Leptospirosis in an Ontario swine herd
Animal Health Laboratory, University of Guelph, Guelph, ON.
AHL Newsletter 2022;26(2):12.
Kidneys from several finisher pigs were presented for histologic examination. The kidneys had gross lesions affecting much of the renal parenchyma, varying from coalescing 0.5-1.0 cm pale/white foci to pinpoint raised well-demarcated cortical nodules with a thin red rim, to flat, 1-2 cm geographic red areas extending from the cortex into the medulla (Fig. 1).
On histologic examination, all kidneys had varying degrees of chronic and active tubulointerstitial nephritis with interstitial fibrosis, tubular atrophy, lymphoplasmacytic inflammation and formation of discrete interstitial lymphoid nodules (Fig. 2A), as well as neutrophilic infiltrates within tubules and spilling into adjacent interstitium. PCR run on renal tissues for Leptospira spp. was positive, with cycle thresholds ranging from 25.87 to 33.83. Further genotyping based on single-nucleotide polymorphism (SNP) analysis of the SecY gene was compatible with Leptospira pomona. Immunostaining for Leptospira spp. was also positive (Fig. 2B), highlighting bacteria of typical elongate curving morphology, occasionally with hooked ends, within tubular lumens.
Swine are considered the reservoir / maintenance host for Leptospira interrogans serovar pomona, in which the organism resides in the proximal convoluted tubules of the kidney. Transmission is direct, through mucosal or skin contact with urine or post-abortion discharges. Only a small proportion of infected animals develop clinical illness, usually only transient mild fever, anorexia and depression during the leptospiremic phase as the bacterium spreads to the liver, kidney, lungs and other organs. Antibody responses clear the infection from most organs, however, the renal tubules are an immunologically privileged site, and establishment of persistent renal infection is the source of ongoing herd maintenance and exposure. The more characteristic signs of Leptospira infection within the herd are abortion or premature delivery of pregnant sows, typically litters born 1-3 weeks prematurely with stillborn and weak live piglets.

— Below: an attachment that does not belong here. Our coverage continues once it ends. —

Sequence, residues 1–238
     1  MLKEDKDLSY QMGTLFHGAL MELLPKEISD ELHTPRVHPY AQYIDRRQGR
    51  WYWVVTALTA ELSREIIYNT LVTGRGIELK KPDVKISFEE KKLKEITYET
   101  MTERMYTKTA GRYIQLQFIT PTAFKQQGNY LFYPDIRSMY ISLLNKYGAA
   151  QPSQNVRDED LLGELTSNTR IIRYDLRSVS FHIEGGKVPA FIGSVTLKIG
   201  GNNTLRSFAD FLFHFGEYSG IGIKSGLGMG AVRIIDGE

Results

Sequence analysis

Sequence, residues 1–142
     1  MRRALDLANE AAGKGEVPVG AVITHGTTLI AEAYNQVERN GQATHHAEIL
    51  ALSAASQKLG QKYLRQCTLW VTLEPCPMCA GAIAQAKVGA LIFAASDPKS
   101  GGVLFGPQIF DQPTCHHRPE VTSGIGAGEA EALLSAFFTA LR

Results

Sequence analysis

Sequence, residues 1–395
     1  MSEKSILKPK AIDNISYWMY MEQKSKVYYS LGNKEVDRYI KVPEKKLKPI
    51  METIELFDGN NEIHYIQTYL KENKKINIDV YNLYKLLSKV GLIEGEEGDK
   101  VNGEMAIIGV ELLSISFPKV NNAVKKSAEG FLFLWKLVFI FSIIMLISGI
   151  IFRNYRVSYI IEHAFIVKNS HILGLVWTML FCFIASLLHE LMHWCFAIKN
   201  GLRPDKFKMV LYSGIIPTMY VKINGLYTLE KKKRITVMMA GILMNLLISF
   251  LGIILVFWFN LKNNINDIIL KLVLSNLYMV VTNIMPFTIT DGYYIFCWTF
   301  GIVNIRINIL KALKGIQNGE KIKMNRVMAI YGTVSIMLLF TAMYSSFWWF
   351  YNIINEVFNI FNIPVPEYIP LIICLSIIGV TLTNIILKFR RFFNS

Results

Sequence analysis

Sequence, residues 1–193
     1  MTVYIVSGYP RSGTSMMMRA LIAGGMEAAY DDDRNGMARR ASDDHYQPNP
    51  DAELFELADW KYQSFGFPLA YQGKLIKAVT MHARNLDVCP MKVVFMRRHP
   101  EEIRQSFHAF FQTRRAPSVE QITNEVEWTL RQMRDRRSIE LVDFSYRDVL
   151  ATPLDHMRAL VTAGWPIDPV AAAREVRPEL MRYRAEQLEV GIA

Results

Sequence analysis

Since 2008, pathologists at the AHL have identified 9 cases of swine reproductive disease/abortions putatively associated with Leptospira infection, so it appears to be uncommon. Prior to introduction of Leptospira PCR testing in 2017, this was based solely on interpretation of Leptospira serology/MAT titres on sow serum and fetal thoracic fluids. We even more rarely see/recognize the renal lesions in our caseload, although according to the literature, most chronic interstitial nephritis lesions observed in finisher swine are thought to be leptospiral in origin (1). A review of 230 Leptospira PCR tests run on porcine submissions since 2017 revealed only a single positive result in placentas from a group of aborted fetuses, prior to the PCR-positive kidney samples tested from this same herd.
Leptospirosis is an important zoonotic illness, and humans (and other incidental hosts) can be infected indirectly by exposure to environments contaminated by the infected urine of carrier animals. Such exposures can be an occupational hazard for both producers and veterinarians. AHL
1. Cianciolo R, Mohr FC. Urinary System. In: Jubb, Kennedy & Palmer’s Pathology of Domestic Animals, 6th ed. Maxie MG, ed. Elsevier, 2016; vol 2:433-438.
Figure 1. Various gross presentations of kidneys from finisher pigs with renal leptospirosis.
Figure 2. Histologic sections of renal leptospirosis. Kidney with tubulointerstitial nephritis (A). H&E stain. Immunostaining highlights filamentous leptospires within a tubular lumen (B). IHC